Perry Mason: The Case of the Fatal Framing (TV Movie 1992) Poster

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Resurrected art
sol121821 May 2007
(Some Spoilers) After being declared dead when his body was washed away in a stream where world famous artist Truman York, David Soul, and his girlfriend Diane, Christine Faust, ended up jumping into a stream with Truman's motorcycle as he tried to get away from the police who caught him with a packet of coke. Truman suddenly comes back from the dead, five years later, as he tears apart a painting at the Denver Nurian Gallery that Truman claims to be a forgery. Truman should know since the painting valued at over 100 thousand dollars and attributed to him wasn't painted by Truman!

Truman took some chance in coming back from the dead by now having all his many paintings value in the fact that he's still alive and active. Even more insane on Truman's part he now has Diana' husband Joel McKelves, Mark Moses, gunning for him in his holding Truman responsible for his wife's addiction to drugs and her death in her being a passenger on Truman's motorbike in his run from the law.

Joel McKelves getting the word that Turman is alive and well goes down to the hotel where Truman is staying at and attempts to shoot him only to have Truman get away in the confusion. Staying over at his wife's, also an artist, Lizanne's (Maureen Meller) studio for the night Turman is found with his head bashed open the next morning by some unknown assailant and guess whom the police suspect and arrest for Turman's murder; the guy who earlier tried to kill him Joel McKelves.

Perry takes the case not only because he feels that McKelves is innocent and that he's a good friend and collage fraternity buddy of his assistant Ken Malansky, Robert R. Moses. Perry quickly sees what has to be the real cause for what were the reasons for Trumans murder and it had nothing to do with Trumans love life or his involvement in McKelves wife death. It had to do with who was forging Trumans paintings and how they were used to snooker the public into thinking that they were real.

There's a lot of brushing around the corners and filling in the blank spots in who's involved in this major fraud in the world of art collectors and sellers and it all boils down to the Nurian Gallery and both it's owner Renee Nurian, Jane Carr, and her creepy and somewhat mentally unbalanced top artist Damien Blakely, Scott Valentine.

In a round about way of doing things the murderer of Truman York was not only murdered himself but by the very person who hired him to murder Truman. This strange scenario comes out in open court when Perry Mason ties all the strings together in Trumans murder and how Truman by him coming back from the dead set into motion all of the events that eventually lead to his brutal murder. A man so full of himself as the arrogant and boastful Truman York was turned out to be his own worst enemy who if he just stayed dead and buried in his new identity no one would have been out to get him. In the fact that whatever sleazy revolting and unlikable things that Trumn did in life in his faking his dead Truman didn't really have an enemy in the world.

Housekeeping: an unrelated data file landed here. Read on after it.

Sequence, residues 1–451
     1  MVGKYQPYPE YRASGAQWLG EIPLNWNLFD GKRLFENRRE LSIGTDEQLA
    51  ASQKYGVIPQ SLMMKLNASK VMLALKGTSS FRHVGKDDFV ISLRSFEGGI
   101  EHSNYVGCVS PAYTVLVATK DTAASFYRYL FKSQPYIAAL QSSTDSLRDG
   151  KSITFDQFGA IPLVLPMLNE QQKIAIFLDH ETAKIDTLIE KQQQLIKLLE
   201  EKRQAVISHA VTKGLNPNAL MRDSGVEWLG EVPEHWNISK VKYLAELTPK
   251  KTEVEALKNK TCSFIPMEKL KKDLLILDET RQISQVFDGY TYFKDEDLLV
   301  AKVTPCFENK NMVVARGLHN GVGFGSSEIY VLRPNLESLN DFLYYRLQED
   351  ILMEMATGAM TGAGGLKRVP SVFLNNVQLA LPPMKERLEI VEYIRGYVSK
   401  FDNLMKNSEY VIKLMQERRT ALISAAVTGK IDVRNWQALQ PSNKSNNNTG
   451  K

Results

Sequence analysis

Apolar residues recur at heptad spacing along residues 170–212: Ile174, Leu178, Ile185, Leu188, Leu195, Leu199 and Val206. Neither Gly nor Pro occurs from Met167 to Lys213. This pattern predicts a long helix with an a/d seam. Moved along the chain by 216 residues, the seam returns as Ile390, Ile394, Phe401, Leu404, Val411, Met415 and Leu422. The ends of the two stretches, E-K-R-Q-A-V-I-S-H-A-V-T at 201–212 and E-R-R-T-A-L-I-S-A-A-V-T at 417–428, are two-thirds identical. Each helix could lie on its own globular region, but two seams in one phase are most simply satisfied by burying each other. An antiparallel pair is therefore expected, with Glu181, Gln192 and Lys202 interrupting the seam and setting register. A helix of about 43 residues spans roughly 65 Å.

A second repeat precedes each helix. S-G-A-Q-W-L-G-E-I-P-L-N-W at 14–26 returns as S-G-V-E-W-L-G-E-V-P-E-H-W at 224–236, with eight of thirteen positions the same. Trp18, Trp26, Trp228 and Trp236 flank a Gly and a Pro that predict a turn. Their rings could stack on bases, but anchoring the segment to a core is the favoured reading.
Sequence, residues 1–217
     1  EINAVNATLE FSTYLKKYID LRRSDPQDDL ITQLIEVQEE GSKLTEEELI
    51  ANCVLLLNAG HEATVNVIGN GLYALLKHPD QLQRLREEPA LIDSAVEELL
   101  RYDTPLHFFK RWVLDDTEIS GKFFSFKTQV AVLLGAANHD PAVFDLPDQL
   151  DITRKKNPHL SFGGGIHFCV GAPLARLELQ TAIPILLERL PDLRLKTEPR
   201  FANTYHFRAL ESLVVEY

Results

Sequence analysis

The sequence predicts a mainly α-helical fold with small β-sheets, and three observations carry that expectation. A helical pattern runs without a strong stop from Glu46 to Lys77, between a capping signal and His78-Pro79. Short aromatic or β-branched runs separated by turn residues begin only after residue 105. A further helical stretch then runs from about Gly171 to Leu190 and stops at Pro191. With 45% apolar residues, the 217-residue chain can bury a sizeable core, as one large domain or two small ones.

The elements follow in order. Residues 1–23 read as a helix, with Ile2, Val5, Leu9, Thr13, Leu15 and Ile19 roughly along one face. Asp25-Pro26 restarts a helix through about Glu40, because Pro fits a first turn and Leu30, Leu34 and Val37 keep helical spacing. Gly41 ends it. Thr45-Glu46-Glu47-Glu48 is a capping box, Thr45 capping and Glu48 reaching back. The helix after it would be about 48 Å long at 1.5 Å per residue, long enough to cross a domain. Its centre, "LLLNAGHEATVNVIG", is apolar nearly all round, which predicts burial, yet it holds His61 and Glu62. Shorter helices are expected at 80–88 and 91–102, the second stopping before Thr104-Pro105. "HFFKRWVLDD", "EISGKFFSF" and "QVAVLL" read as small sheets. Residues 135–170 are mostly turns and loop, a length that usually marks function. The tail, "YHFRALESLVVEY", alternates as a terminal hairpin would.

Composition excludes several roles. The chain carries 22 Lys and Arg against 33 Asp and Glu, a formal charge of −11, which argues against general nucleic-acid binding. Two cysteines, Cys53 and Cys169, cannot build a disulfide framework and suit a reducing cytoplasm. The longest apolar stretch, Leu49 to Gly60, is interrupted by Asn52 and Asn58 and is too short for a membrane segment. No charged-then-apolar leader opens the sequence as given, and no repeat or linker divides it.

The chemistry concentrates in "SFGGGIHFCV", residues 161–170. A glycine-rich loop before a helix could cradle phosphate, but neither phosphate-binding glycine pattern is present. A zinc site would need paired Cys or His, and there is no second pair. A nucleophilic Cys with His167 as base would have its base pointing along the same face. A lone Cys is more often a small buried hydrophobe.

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A forgettable case for Perry
Leofwine_draca2 May 2017
Warning: Spoilers
THE CASE OF THE FATAL FRAMING is one of the last filmed PERRY MASON TV movies in the year before star Raymond Burr died. Having watched a fair number of these now, I can report that this isn't one of the best; it's quite sloppily written and rehashes old themes that have been done better previously. Most notably it has a complicated back story about an arrogant painter who dies in a motorbike smash in the opening scene only to turn up alive five years later, thus putting everyone's backs up.

Eventually the painter gets murdered and this time he's dead for good. The actor playing him is David Soul in an extremely hammy, occasionally laughable performance. Once the court case kicks in the film becomes extremely clichéd and has some laughable action including an attempt at a chainsaw fight (if you want to see this done properly, check out TIGER ON THE BEAT, a splendid Hong Kong action comedy). The actors go through the motions here although John Rhys-Davies is fun in a minor role as an art expert.
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A victim who's supposed to be dead
bkoganbing23 May 2014